Detergent additives help to keep metal surfaces in an engine clean by controlling formation of deposits (i.e. sludge, varnishes). Such deposits can harm an engine by clogging oil passages that lubricate an engine, increase wear and reduce engine performance. A blend of calcium and magnesium-based detergents are most commonly used. A shift towards increased use of magnesium was required to address the needs of new gasoline direct injected (GDI) engines. >>More 

Detergent additives also help prevent corrosive wear by neutralizing acids formed as a by-product of combustion and other processes in an engine. Total Base Number (TBN) is a laboratory test that measures an oil’s ability to neutralize such acids. >>More

Antiwear Additives (parts per million)StandardLUKOILStatus
Phosphorus600 to 800 -a812Check
Zinc989Check
Molybdenum51Check
Titanium<1Check
Boron<1Check

Antiwear (AW) additives help protect metal surfaces against impact friction and wear between moving parts in an engine. Such additives work by adhering to metal surfaces and forming a protective film between moving surfaces. The most widely used AW additive are chemistries containing phosphorus and zinc. Some lubricant manufacturers also employ the use of antiwear additives containing boron, molybdenum and titanium among others.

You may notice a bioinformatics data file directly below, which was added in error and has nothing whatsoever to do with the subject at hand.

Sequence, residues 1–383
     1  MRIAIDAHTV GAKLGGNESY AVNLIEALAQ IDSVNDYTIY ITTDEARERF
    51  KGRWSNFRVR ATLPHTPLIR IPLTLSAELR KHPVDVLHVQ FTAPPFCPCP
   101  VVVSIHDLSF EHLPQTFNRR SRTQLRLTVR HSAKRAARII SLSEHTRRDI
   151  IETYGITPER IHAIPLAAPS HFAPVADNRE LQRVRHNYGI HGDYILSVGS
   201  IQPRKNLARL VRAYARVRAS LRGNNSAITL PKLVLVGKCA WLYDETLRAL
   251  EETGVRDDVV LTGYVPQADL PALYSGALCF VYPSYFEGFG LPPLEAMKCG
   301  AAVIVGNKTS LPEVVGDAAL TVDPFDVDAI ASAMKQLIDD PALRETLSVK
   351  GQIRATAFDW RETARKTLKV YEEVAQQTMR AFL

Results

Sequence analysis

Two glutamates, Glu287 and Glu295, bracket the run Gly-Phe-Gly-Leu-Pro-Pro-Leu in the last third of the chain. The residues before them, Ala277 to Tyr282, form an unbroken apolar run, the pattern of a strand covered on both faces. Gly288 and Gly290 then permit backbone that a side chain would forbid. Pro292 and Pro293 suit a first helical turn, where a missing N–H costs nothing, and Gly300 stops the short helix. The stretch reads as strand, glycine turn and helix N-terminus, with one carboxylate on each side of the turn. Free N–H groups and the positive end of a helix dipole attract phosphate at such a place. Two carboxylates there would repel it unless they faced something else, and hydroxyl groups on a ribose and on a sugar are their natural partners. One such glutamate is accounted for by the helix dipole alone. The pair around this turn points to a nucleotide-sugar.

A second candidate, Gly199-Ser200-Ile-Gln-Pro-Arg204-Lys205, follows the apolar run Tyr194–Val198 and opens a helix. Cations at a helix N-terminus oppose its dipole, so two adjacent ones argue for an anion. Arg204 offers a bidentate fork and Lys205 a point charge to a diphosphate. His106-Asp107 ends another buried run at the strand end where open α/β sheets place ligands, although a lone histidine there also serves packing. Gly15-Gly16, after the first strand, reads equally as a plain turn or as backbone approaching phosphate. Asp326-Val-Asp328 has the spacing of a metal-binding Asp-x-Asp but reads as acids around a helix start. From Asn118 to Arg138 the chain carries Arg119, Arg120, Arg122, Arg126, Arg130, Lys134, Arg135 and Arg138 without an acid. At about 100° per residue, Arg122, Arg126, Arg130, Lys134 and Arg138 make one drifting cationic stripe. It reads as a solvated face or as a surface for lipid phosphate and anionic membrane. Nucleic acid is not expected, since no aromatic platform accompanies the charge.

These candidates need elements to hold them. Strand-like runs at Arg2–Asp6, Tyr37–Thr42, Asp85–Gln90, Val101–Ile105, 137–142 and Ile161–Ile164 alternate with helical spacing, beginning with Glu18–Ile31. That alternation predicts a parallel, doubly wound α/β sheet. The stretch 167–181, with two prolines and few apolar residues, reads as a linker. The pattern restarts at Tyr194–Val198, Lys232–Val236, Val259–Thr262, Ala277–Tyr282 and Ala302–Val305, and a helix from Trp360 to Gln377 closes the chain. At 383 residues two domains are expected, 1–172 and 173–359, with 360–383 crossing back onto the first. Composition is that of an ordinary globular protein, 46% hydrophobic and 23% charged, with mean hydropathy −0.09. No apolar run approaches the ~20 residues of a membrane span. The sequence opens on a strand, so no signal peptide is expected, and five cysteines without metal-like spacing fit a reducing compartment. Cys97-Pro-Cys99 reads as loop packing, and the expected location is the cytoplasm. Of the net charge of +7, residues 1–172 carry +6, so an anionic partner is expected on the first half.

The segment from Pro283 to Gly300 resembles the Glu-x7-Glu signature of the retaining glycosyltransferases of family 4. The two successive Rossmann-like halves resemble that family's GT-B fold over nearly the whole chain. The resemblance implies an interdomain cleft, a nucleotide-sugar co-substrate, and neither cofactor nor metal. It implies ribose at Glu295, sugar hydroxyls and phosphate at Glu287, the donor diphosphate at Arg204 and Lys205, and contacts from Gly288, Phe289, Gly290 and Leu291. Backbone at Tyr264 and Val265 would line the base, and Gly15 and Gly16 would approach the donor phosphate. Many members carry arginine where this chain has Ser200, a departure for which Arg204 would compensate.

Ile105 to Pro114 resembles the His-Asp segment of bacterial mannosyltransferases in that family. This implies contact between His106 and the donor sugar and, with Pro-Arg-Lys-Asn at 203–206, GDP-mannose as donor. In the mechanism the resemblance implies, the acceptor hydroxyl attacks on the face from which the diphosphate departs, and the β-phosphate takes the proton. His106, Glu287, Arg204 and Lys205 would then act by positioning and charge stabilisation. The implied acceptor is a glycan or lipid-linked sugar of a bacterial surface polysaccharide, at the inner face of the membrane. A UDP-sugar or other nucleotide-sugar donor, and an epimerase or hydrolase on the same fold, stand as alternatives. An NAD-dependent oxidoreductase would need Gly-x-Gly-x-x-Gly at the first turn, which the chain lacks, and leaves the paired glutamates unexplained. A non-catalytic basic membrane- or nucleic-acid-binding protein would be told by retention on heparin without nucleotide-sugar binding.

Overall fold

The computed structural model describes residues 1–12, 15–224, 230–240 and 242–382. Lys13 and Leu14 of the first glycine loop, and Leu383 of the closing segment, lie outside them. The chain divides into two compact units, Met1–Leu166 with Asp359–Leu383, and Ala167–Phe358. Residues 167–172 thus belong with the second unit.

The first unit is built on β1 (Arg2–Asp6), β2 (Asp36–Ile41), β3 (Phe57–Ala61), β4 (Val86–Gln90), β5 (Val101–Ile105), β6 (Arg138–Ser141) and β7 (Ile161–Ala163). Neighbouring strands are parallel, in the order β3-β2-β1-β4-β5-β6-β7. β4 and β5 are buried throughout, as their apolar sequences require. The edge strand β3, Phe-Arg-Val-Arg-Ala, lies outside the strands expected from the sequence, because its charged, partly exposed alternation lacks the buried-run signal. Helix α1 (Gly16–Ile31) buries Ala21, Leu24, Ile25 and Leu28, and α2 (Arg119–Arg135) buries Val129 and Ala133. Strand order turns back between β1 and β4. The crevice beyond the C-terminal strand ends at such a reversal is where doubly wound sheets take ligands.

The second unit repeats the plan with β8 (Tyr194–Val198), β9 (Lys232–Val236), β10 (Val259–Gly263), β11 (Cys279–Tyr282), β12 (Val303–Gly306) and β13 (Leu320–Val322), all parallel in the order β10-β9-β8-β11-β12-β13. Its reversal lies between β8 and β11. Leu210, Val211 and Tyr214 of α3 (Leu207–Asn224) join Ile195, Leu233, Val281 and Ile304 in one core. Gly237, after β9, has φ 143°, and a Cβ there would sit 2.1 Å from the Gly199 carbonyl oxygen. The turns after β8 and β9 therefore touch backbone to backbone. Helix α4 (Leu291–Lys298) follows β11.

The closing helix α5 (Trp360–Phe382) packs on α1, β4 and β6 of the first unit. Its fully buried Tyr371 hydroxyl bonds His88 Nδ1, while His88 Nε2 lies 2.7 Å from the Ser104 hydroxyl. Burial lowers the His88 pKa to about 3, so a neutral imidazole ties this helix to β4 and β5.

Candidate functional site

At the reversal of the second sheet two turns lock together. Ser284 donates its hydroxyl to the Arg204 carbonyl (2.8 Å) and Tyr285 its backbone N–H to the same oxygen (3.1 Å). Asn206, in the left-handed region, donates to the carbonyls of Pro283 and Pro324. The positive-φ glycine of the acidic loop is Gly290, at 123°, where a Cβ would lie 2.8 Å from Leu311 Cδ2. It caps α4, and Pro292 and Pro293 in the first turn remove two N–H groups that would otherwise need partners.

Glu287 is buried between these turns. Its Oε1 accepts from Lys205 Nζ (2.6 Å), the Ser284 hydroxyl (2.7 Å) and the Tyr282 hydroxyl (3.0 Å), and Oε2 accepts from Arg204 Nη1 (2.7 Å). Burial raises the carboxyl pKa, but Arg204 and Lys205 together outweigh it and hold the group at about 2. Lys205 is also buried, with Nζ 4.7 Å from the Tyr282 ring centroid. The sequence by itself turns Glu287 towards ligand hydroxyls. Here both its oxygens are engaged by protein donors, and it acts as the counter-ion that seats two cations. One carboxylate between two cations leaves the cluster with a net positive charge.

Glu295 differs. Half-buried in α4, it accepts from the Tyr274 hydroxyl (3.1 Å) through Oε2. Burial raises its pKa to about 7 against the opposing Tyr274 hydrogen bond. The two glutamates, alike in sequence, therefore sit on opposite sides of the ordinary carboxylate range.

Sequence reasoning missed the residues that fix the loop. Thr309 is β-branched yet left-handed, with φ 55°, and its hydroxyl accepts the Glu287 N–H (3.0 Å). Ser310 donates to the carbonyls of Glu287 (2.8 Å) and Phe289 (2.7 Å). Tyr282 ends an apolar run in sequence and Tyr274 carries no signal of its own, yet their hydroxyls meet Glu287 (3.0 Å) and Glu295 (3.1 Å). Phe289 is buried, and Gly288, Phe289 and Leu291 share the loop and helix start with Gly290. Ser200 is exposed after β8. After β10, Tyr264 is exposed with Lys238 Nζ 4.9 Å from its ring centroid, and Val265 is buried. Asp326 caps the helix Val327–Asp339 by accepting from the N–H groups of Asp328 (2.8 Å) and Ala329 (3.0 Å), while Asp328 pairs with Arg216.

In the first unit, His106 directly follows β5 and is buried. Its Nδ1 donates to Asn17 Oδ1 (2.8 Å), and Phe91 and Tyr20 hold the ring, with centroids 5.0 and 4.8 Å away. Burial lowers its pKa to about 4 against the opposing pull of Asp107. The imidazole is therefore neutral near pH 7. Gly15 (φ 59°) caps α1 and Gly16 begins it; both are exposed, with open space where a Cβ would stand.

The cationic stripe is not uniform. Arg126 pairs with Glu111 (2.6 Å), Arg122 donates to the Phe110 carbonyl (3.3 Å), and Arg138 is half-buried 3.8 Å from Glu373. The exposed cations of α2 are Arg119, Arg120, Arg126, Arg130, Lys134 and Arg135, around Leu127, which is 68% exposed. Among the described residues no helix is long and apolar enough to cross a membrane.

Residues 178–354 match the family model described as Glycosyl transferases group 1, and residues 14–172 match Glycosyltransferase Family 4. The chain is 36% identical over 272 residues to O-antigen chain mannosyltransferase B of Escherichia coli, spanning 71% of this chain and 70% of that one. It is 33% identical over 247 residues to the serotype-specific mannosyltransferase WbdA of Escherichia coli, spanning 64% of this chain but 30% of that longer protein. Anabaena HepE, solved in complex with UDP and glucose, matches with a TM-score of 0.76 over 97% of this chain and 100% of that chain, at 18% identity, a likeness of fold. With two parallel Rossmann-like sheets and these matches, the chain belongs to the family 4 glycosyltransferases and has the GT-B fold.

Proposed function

Antiwear additives are multifunctional in that they also act as corrosion inhibitors and, more significantly, antioxidants.

For more on AW additives and other functional and performance additives used in motor oil… >>More

Contaminants (parts per million)StandardLUKOILStatus
Silicon*6Check
Silver<1Check
Aluminum1Check
Chromium<1Check
Iron1Check
Nickel<1Check
Lead1Check
Antimony<1Check
Tin<1Check
Copper<1Check
Cadmium<1Check
Vanadium<1Check
Potassium3Check
Manganese<1Check
Lithium<1Check

Although motor oil is subject to contamination from a number of metals related to wear, and abrasive material in the form of silicon when in use, new motor oil typically does not contain such metals at any appreciable levels. The presence of these metals (iron, aluminum, copper, lead, nickel, tin, sodium, potassium, etc.) in a new motor oil can indicate contamination from used oil, rust, abrasives, and others introduced to the product during blending, packaging, and/or transportation. Such contaminants can be harmful to an engine. Some can also be part of an additive, such as copper or sodium, but these are not often seen.

*Whereas silicon in the form of polydimethylpolysiloxane is commonly used as an antifoamant in motor oil, such use typically does not exceed 10ppm in new motor oil. Levels much above indicate possible contamination with abrasive material, silicone-based sealers, and/or transformer and hydraulic oil.

Note1: Standards are established by API, SAE and others.